Ever thought about what it feels like to be the person in charge of a trial? The orchestrator, if you will, of the witnesses and of the evidence? The person who should by all appearances have the presentation completely planned and under control? What does it really feel like to be the prosecutor trying a serious case?
I can tell you. In a word, miserable. Not fun. Sick to your stomach. Scary.
The truth might surprise a lot of people. It might even surprise a lot of long-time prosecutors. Yeah, yeah, we know. . . . We've all heard the lectures and the stories about how "exciting" and "challenging" and "exhilarating" it is to be a trial lawyer. Anyone who truly enjoys being in a trial is to be admired. I wish I could feel that way.
Truth is there aren't a lot of other situations in the job market very much like the stress that comes with preparing for and enduring a jury trial. Throw into that conflict the fact that a heck of a lot of prosecutors tend to like to CONTROL their world as much as possible and their "world" is loaded with not
Least in our control are the witnesses, as much as we like to think we can prepare them. . . . Other uncontrollables: the jury we ultimately end up with, because we kid ourselves that we picked them—funny; the Judge whose courtroom we find ourselves attempting to orchestrate our "symphony" in; the defense attorney, whose sole purpose it is to try to derail our carefully laid plans; the scheduling, the timing, the cross-examination of every, single witness. . . . Geez, I'm getting sick just thinking about all of it.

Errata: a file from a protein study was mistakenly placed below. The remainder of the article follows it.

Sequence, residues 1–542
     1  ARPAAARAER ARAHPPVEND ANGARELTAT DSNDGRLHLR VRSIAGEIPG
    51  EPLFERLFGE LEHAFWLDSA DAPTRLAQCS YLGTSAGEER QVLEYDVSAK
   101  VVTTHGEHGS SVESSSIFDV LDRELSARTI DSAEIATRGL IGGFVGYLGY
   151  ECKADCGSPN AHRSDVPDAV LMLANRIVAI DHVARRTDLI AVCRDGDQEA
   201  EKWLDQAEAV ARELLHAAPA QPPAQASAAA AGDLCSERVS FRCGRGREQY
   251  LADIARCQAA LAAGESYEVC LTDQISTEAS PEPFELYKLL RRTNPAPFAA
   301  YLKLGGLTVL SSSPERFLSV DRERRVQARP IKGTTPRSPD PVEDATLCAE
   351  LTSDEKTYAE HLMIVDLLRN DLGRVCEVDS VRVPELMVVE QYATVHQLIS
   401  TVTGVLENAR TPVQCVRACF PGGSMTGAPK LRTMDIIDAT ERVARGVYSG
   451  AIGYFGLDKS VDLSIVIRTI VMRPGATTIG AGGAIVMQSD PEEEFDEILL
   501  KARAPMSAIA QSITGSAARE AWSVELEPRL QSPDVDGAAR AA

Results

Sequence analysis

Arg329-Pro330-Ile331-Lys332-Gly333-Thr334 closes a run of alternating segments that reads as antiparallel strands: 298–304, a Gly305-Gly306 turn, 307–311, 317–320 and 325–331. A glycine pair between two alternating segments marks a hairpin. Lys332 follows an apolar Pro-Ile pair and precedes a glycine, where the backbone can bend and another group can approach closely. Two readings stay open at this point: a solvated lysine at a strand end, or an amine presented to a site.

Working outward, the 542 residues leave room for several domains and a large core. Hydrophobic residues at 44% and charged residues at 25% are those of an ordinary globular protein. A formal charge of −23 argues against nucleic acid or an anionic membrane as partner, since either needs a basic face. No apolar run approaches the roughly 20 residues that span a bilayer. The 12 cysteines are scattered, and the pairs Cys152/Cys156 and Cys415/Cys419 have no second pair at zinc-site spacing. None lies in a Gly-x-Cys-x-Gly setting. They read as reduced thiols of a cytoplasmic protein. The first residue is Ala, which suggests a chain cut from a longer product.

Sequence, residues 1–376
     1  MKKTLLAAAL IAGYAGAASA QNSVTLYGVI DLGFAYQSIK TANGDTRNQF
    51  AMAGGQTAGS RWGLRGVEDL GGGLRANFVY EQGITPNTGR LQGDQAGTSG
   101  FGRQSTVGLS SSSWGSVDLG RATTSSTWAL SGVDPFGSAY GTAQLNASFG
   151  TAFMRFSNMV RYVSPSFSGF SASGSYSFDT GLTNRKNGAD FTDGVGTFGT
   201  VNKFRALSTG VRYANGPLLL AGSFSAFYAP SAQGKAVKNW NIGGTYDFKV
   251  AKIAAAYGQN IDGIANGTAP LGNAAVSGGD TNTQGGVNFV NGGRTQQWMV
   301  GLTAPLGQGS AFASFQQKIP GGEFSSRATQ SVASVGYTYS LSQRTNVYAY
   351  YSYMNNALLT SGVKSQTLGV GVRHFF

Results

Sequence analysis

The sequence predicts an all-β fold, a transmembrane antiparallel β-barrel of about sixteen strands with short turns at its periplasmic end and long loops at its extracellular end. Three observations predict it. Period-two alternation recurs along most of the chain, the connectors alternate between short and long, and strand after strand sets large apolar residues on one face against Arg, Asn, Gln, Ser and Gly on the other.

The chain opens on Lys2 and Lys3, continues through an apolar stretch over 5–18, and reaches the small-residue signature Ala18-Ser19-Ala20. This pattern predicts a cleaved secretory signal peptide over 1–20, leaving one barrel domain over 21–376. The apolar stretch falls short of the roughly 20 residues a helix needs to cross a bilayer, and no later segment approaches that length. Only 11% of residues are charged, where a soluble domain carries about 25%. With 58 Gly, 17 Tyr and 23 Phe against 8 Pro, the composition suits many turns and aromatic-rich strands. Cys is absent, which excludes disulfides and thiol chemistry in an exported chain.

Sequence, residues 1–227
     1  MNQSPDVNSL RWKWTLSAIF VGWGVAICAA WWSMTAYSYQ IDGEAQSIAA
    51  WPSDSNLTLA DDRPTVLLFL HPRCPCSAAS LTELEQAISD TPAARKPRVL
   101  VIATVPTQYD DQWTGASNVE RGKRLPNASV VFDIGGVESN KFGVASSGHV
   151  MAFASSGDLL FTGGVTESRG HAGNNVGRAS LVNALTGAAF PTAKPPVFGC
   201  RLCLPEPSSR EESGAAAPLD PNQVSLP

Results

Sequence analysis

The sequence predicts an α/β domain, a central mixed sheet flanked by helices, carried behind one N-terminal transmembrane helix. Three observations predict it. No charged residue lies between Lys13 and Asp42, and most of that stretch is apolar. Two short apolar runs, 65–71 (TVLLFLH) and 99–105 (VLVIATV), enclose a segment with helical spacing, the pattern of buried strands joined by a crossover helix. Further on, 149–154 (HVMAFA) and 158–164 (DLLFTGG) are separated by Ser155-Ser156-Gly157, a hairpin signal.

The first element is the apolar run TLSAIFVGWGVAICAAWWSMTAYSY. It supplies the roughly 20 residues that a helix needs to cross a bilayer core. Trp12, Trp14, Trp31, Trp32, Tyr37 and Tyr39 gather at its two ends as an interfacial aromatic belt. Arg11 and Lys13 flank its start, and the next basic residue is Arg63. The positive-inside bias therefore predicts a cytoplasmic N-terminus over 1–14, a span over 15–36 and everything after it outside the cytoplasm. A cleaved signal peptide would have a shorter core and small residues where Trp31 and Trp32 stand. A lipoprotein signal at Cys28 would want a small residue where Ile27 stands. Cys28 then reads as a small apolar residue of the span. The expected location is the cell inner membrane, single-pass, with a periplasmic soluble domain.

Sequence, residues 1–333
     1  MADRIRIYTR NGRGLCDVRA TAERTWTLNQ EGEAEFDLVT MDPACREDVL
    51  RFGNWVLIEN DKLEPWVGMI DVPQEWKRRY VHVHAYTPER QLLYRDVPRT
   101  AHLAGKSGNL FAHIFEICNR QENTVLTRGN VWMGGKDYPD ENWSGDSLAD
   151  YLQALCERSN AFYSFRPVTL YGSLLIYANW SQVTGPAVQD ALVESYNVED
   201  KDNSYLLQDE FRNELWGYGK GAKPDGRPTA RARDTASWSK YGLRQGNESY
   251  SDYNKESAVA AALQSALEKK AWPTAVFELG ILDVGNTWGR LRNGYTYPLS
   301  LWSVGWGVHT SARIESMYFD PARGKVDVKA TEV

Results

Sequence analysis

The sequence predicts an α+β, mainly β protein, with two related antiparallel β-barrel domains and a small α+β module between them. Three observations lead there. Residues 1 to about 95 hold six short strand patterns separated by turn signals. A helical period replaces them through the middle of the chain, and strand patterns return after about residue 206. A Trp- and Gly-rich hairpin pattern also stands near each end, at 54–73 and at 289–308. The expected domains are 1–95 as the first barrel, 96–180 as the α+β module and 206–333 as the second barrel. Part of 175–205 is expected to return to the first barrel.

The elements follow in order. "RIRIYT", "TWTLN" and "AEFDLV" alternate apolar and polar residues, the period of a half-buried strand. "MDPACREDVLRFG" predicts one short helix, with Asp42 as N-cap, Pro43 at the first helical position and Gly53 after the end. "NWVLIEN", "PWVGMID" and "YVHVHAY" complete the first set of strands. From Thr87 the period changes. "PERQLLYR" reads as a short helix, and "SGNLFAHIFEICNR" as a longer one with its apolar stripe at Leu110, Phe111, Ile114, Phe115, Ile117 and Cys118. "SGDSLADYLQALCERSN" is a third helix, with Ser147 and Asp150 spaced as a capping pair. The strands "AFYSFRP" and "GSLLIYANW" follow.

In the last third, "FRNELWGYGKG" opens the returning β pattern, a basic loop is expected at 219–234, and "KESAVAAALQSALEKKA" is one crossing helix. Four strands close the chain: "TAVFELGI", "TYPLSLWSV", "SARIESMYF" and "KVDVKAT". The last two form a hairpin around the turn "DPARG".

And what about the part over which we really think we have control? Our own performance?? How brilliantly we PLAN to make a point or argue our case or kick some butt. . . .
Sick to your stomach.
Maybe all of our angst and nerves and stress are the reasons why we resort to such lame and even silly attempts to convince ourselves that we are truly in control. It is pretty amusing to know that a lot of us have ourselves convinced that wearing a certain color on the "big" day will bring us luck or that wearing a certain color will ward off evil spirits. Think I'm making this up? WCI's defense lawyer Katherine Scardino recently disclosed she has a fairy wand.
Believing that if we eat the exact same food every single day of trial or placing our trial "tools" on the table in the courtroom the exact same way every day will guarantee a successful resolution are other "tricks of the trade." Following one of those "tricks" led to a friend of mine getting really sick of eating red Jell-O after three weeks in a trial.
The most commonly seen "side effect" of being in trial is losing weight. We even call it a "trial diet." There aren't too many prosecutors out there who are able to eat a real meal while trying to put on a "perfect" presentation of evidence. Heck, most survive on Diet Cokes and don't eat at all! It once got so bad during a trial that the jury asked the bailiff to see if there was something wrong with me because I was starting to look so lousy after about week five.
So now you know. The next time you see a prosecutor looking ever-so-cool in the middle of a trial . . . nothing could be further from the truth.